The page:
In advance of the annual College Art Association conference in New York next week—where a celebratory book event will take place at Sperone Westwater Gallery—authors Dore Bowen and Constance Lewallen discuss their new book Bruce Nauman: Spatial Encounters.

DB: What do you think our book contributes to the scholarship past and present on the work of Bruce Nauman?

CL: Nauman’s corridors, rooms, tunnels, and depressions—what we’re calling architectural installations—have never been written about as a distinct series. However, while we argue for this as a series, the focus on body and space can be found throughout Nauman’s oeuvre. If you look at his videos, neons, photographs, and drawings, you see these topics repeatedly. Yet, in his architectural works, it’s not only thematic but also experiential. In these works, depression, anxiety, and frustration are paramount. The experience is crystalized. One way he does this is by setting up a situation for the participant, which is tightly controlled.

DB: It’s interesting to note some of the elements Nauman integrates into his seemingly sparse installations (such as video, colored light, narrowing corridors that dead-end at the gallery wall, sound damping materials, etc.) to create these strong emotions. And all of these strategies came out of his ongoing investigation on human behavior in space which, as you note, runs throughout his career. What was the genesis of the architectural installations?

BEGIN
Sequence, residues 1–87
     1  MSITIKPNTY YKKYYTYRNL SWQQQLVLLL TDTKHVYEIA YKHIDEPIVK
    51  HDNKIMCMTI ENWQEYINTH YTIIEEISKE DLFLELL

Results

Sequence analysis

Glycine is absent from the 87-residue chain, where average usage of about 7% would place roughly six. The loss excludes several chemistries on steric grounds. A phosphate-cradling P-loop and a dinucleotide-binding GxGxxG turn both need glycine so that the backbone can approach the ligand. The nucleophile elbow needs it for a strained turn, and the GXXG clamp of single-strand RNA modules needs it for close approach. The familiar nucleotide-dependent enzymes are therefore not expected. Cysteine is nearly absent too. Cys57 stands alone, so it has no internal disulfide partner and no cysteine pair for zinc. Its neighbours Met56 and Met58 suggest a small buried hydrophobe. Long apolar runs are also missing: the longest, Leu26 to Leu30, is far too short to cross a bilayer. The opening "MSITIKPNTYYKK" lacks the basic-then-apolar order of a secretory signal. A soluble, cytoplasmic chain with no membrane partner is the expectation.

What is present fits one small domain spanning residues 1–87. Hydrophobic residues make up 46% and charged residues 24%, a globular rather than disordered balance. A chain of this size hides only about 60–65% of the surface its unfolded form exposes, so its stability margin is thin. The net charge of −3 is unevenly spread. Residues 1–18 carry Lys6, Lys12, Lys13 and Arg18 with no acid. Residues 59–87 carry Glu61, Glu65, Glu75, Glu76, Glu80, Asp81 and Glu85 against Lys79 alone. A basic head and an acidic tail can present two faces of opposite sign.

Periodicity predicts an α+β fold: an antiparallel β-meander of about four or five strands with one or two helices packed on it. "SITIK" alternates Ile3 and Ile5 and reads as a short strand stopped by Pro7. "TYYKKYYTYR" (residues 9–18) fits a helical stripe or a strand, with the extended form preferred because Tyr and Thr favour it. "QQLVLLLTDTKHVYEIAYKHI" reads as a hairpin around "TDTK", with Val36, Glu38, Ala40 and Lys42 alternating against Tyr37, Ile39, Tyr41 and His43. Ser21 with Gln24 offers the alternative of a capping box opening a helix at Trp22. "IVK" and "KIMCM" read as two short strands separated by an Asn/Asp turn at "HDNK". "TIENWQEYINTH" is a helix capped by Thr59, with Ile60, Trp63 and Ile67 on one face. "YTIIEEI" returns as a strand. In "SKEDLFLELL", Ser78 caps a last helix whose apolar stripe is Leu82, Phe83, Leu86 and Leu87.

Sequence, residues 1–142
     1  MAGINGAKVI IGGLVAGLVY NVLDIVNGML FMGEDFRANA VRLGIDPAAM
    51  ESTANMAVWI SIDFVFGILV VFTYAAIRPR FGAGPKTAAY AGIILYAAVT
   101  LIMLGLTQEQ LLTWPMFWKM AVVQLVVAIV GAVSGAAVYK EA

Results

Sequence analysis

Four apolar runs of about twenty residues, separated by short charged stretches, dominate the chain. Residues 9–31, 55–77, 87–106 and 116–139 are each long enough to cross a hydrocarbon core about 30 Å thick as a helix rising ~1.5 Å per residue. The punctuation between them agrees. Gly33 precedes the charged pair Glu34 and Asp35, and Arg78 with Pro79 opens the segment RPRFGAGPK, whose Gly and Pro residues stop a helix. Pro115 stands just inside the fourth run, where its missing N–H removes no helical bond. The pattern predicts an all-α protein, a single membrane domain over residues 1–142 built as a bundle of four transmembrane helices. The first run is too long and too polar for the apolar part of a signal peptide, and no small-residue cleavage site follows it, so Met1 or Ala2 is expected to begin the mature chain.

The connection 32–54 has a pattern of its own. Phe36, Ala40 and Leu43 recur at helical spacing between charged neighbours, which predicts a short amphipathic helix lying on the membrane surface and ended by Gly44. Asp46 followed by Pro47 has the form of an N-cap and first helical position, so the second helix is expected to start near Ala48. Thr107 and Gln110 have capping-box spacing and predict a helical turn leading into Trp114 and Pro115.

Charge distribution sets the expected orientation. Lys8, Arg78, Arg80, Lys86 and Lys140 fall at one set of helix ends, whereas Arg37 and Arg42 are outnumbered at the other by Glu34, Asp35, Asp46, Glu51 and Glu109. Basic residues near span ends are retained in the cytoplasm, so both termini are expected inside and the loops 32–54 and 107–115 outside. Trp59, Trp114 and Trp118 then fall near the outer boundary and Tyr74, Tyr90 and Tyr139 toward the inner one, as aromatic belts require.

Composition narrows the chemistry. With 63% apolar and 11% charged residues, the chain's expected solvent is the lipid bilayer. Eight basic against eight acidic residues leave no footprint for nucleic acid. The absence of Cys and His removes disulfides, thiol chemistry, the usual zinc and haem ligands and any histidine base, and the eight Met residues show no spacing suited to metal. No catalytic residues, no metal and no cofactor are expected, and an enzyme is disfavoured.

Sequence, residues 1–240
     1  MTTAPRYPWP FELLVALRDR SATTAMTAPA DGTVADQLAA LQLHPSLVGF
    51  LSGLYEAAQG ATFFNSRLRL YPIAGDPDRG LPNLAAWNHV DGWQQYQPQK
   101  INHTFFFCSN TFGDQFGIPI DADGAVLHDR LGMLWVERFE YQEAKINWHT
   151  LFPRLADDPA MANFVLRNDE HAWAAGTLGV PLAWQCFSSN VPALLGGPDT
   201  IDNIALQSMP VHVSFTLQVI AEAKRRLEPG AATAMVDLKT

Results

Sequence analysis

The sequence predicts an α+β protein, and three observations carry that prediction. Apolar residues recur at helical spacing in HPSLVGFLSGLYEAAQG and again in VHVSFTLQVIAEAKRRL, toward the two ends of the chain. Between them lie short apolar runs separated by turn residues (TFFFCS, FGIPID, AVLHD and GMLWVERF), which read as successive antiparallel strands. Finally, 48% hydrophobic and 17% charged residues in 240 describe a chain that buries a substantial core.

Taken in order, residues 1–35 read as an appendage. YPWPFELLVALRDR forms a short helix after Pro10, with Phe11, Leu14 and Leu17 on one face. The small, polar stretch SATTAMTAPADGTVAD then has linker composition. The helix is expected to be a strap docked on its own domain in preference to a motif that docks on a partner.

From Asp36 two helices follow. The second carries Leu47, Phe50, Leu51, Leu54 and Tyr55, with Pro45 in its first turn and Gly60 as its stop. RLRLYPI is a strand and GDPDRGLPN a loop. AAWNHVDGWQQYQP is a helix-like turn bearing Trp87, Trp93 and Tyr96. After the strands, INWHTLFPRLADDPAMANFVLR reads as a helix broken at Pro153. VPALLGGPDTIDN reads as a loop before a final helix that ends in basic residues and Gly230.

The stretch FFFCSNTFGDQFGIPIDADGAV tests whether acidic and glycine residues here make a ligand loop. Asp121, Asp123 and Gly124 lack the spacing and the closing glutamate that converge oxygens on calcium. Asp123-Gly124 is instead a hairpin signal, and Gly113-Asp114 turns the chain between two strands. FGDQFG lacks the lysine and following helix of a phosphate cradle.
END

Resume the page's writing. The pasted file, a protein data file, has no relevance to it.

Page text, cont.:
CL: Nauman’s initial impetus for creating his first corridor was his 1968 video Walk with Contrapposto, in which Performance Corridor was initially constructed as a prop for the video, but which, with the encouragement of Marcia Tucker (then-curator at the Whitney), he showed as a stand-alone work. Early on, Nauman was concerned with the body, famously stating that the body was a valid a material to work with. He manipulated his body in his first film Thighing, and explored the relationship of his body to architecture in the early performance (later reenacted for video) Wall Floor Positions, and so it was a natural step to create situations in which participants become acutely aware of their own body.

What is the significance of the San Jose Installation?

DB: I use my recent reinstallation of Nauman’s San Jose Installation as a case study in order to examine the experience it produced in 1970 versus 2018. This study challenges the normative art historical narrative that underwrites many of Nauman’s architectural installations, which positions him as a studio artist and his installations as “artworks.” By contrast, I argue that his installations hold a significant relationship to place and infrastructure, and I demonstrate this by showing that, in 1970, the participant’s experience inside San Jose Installation echoed the anti-war protests occurring on the other side of the gallery wall. I also consider how the experience inside this installation has changed now that San José is the center of Silicon Valley. Nauman’s architectural installations clearly can’t be understood as traditional artworks. I hope to provide a fresh lens with which to appreciate this fact.